There are barbarian tribes, such as the Gallic, now firmly under Roman authority after the failed rebellion of Vercingetorix years before (a man I happen to believe was a great deal more interesting than Caesar but that’s another argument), the Iceni (the British) who are not owned by the Romans but, unless the island can be united they will not have the strength to repel a Roman invasion if, and when, it comes, amongst others.
I, however, decided not to play as the British for a change and, instead, chose the fourth Roman option. On the island of Sicily, Sextus Pompey, son of Caesar’s old enemy (and head in a jar) Gnaeus Pompey, holds the last hope for a Republican Rome over the Empire any of the other three would desire to create (Augustus in particular).
Once again, the writers of the game have positioned us on the side of Rome, but it is clear they EXPECT Augustus’ faction to be the one everybody clamours to play as, simply because it is the one which eventually took Rome and the semi-civilised world under its control. The cinematic focuses heavily on Augustus and Antony, not even mentioning either Lepidus or Pompey, and it is clearly attempting to paint Augustus as some kind of hero when, in fact, he was a power-hungry disciple of Caesar’s and little else. Antony, in comparison, is shown as some dark warlord illuminated by the fires of a burning city or lounging in an Egyptian palace with no interest in the good of Rome, so caught up is he in his affair with Cleopatra
.There is the usual bias towards Rome, with both the history books and the title of the game making it obvious why, but it is refreshing to see that the bias matters less when there are other Roman factions checking any one’s glorious conquest across the world. It will not be as easy for the player to take over the world now, but it is still a great deal simpler than if one was playing as the Gallic or the Parthians.
In the opening cinematic an advisor tells Octavian (Augustus) that ‘We don’t need more politicians, we need soldiers’ and this is odd in that politics seem to have become a great deal more important than they were in the Grand Campaign. Now it is important to keep other factions on your good side because, when you’re waging war with one of the greater Roman factions, even a small army in the rear can conquer cities whilst you’re forces are busy elsewhere. The added degree of difficulty has added a whole new challenge to a game which I had begun to find a little stale, when I could know that this faction would betray our non-aggression pact when I did this or that.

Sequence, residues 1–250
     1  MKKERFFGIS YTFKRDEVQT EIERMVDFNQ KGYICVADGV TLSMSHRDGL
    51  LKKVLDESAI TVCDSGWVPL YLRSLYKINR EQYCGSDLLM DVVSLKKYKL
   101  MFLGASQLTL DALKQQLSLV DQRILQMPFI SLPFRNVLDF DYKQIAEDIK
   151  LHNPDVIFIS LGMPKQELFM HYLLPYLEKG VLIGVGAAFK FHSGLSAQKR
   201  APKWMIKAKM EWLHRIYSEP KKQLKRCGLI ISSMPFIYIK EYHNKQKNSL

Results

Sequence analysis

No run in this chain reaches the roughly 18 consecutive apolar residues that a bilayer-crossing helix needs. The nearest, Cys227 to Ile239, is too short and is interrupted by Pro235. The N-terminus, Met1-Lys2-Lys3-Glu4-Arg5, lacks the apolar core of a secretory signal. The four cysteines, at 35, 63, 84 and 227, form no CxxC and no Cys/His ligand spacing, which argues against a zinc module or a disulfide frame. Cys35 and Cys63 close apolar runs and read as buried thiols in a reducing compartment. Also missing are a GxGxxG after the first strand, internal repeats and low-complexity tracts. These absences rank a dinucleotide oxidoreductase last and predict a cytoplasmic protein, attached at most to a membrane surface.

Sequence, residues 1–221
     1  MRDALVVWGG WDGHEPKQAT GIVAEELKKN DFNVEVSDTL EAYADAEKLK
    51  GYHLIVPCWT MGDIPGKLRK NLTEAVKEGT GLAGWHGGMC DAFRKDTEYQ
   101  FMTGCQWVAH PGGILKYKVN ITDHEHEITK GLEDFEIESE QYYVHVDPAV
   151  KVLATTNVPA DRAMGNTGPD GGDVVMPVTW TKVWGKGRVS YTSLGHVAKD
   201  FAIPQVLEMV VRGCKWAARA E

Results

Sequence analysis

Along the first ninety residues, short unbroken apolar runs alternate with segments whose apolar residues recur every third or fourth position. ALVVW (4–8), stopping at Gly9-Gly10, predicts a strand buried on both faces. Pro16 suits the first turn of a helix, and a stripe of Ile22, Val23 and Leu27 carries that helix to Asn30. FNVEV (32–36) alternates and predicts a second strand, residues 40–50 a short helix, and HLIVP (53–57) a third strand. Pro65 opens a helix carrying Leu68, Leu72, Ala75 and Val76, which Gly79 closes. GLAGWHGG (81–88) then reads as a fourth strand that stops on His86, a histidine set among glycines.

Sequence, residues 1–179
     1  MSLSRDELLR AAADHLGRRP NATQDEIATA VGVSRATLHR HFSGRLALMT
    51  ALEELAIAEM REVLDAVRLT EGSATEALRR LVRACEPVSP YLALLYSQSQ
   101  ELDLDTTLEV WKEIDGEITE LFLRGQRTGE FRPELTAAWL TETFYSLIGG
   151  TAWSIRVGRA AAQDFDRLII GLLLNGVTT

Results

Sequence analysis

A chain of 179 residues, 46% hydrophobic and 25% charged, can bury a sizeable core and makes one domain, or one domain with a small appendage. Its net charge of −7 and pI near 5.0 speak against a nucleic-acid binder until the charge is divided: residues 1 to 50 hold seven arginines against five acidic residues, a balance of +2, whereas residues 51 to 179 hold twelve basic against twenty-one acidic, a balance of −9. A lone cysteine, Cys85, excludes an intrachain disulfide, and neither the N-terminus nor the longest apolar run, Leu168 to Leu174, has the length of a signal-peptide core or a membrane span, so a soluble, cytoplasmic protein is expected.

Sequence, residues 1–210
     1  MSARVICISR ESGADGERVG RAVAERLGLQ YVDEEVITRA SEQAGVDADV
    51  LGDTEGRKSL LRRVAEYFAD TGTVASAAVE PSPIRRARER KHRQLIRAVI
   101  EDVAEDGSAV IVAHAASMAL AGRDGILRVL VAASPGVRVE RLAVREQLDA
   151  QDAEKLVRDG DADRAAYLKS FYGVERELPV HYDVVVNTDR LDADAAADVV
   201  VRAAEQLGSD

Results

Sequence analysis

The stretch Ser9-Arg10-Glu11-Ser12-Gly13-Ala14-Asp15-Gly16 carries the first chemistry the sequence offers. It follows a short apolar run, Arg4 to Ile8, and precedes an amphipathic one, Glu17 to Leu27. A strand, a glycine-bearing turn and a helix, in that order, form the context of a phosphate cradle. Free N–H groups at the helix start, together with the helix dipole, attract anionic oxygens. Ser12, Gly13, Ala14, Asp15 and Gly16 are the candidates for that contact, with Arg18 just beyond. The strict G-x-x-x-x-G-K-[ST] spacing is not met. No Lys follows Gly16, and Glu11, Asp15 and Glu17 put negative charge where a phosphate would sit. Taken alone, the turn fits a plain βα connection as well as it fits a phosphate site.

The politics don’t just end there either, the internal politics of your faction seem to take on a more pronounced threat, with situation arriving with greater expedience than otherwise; every other turn unveils some new political crises the player needs to deal with in order to maintain their political faction’s authority over their own faction. Now general can pick up traits simply from waiting around, laziness and abstinence, swearing and over-drinking all making them less popular the longer they remain in a city and less effective in battle; leaving an army to rot in defence of a city can no mean, not only a wasted force, but eventually a useless general.
The starting technologies, and buildings in the cities you own, offer a much quicker start than the Grand Campaign. Whereas the player would have to wait several turns before being able to recruit any units which allow legitimate strategy, they can now be recruited almost from the get-go, cavalry, siege weapons and animals all appearing quicker than they did in the Grand Campaign.
In a way, the Free-LC feels like an answer to Rome Total War’s Barbarian Invasion expansion pack, which dealt with the end of the Roman Empire as this does with the end of a Roman Republic and the birth of the Empire.
The gameplay hasn’t changed from the Grand Campaign, but the whole thing feels a little tighter, a little more exciting; like the player has to think on their feet a little more than the slow build up the Grand Campaign offered. Whilst the idiom ‘breathing life into an old game’ could apply here, it isn’t like the game is particularly old, but I certainly felt it required ‘breathing life into’. The other DLC campaigns inspired me not at all, but for some reason Imperator Augustus has me playing again.
I’d definitely recommend revisiting the game, and if you haven’t bought it yet, you should! I still love the game, and Imperator is just another, more exciting, way of experiencing Total War. Fighting off a legion of Romans with a much smaller force is amazing, but managing to win when playing as a barbarian army genuinely feels like an achievement, and I am close to making that little ‘bleep-bloop’ noise every time I repulse those Latin b*stards from my otherwise peaceful little shores.